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Will Act for Health Care

In the most recent Seattle Intensive (Actorswork) workshop, we were asked to name a fear we hold about acting. Instantly, I thought of some of the risks within film work, such as:

  •  Lack of control when your performance is chopped up in the editing room
  •  Fear of others’ perceptions of you as a person, (sometimes because of how a performance is edited)
  •  Fear that the film will be badly finished, impacting your career marketability
  •  Fear that your Grandma will see that one love scene

All valid. I battle all of these. But this time, my greatest fear wasn’t “bad” characters or villains or challenging roles or editors I don’t trust… My biggest fear was “acting as commerce.”

My greatest fear may baffle most actors: acting for money. Specifically, I mean having to take a job I’d otherwise pass on, just for the paycheck.

I recently read about an actor who takes his roles based on whether or not healthcare is provided. He may have been a tad tongue-in-cheek but there’s still truth at the core. This discussion isn’t the merits healthcare, it’s why we act.

Acting for me is completely different from a “job.” When I sign on, I want it to be with a mixture of joy and terror, the inward tug of knowing I’m beginning an adventure. And I want it to pay, don’t misunderstand me! But I don’t want a paying gig first, and a compelling gig second. As Amy Poehler hinted during the Golden Globes …

Heh.

The journey has highs and lows. You’ll be swamped with work one month, and then you’ll realize a certain casting director hasn’t asked for you in a year (gulp – true story).  Sometimes you have to take jobs that aren’t exactly winning material – that dry teleprompter-laden training video, for example. Or heck, a national commercial (!) for fast food that you loathe, but it pays your rent for a year.

I just know that I’m an actor because I’m a compassionate, emotional individual who loves to connect deeply. I want that to always be the driving force behind why I take (or don’t take) an acting gig. Most importantly, I need to trust that as long as I am true to myself, the right gigs will continue to find me.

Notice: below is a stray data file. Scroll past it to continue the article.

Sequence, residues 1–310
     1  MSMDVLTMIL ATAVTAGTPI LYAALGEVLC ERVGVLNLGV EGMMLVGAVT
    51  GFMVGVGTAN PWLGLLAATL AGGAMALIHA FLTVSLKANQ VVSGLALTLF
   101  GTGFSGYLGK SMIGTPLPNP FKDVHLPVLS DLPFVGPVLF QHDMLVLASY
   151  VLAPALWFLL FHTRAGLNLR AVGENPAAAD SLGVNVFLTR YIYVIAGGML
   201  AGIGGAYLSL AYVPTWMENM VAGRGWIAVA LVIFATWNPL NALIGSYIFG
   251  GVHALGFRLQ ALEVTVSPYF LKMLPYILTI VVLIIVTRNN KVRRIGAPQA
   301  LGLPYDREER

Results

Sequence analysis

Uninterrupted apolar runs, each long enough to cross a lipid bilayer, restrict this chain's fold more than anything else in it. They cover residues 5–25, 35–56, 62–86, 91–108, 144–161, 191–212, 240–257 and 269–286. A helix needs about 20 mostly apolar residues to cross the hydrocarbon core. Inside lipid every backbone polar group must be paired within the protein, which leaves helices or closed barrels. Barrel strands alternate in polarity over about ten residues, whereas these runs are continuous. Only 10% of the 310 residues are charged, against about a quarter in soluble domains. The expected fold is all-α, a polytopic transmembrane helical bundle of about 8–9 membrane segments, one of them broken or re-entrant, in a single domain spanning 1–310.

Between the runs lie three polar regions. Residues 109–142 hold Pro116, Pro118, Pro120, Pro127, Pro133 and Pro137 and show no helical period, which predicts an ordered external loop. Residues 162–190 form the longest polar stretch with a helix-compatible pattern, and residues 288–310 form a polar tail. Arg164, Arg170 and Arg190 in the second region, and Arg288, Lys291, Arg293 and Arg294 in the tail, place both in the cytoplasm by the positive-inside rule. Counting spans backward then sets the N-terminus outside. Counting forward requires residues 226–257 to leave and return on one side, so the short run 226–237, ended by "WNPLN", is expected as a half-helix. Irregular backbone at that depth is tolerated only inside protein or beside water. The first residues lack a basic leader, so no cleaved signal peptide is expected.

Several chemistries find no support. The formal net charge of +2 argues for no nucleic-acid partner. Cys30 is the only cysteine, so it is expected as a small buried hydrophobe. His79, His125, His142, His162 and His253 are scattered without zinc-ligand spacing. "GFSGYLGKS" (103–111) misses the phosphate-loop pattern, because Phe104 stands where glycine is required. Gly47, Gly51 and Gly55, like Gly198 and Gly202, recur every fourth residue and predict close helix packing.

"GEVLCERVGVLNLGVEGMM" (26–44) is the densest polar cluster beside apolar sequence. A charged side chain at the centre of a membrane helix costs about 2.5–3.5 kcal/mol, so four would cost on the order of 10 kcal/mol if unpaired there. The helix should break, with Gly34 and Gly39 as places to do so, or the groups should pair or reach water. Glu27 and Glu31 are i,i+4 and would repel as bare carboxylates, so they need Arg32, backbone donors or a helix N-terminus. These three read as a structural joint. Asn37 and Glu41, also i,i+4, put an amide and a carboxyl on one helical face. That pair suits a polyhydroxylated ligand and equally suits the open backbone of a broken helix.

The Artist

If you told me a year ago that a black and white silent film that featured dancing (but no Nazis) would sweep the Oscars, I’d call you a naive dreamer, a fool, a hopeless romantic.

Just one of the reasons I’m so happy the Artist won Best Picture of 2011, is that as the germ of an idea, it was the biggest risk to make. Can you guess how many studios would look at this script and greenlight it? Hollywood is risk-averse, and this film flies in the face of every convention.

“I knew because it was silent and black and white it would be different and original,” Langmann said backstage after receiving the best picture Oscar. “All the weaknesses in the beginning became strengths.” – Thomas Langmann, Producer

The  night I saw The Artist, I left the theatre with a song in my heart. The performances were sincere, the homage to the era harmonious, and best of all its story transported me – as all good art should. I laughed. I lost my breath at a few of the most beautiful set-ups. I shed tears. And I wanted to run home as quickly as possible (tap dancing the whole way) to hug my dog.

Congratulations to the makers. May we all be lucky enough to have our impossible dreams be realized on the silver screen!

 

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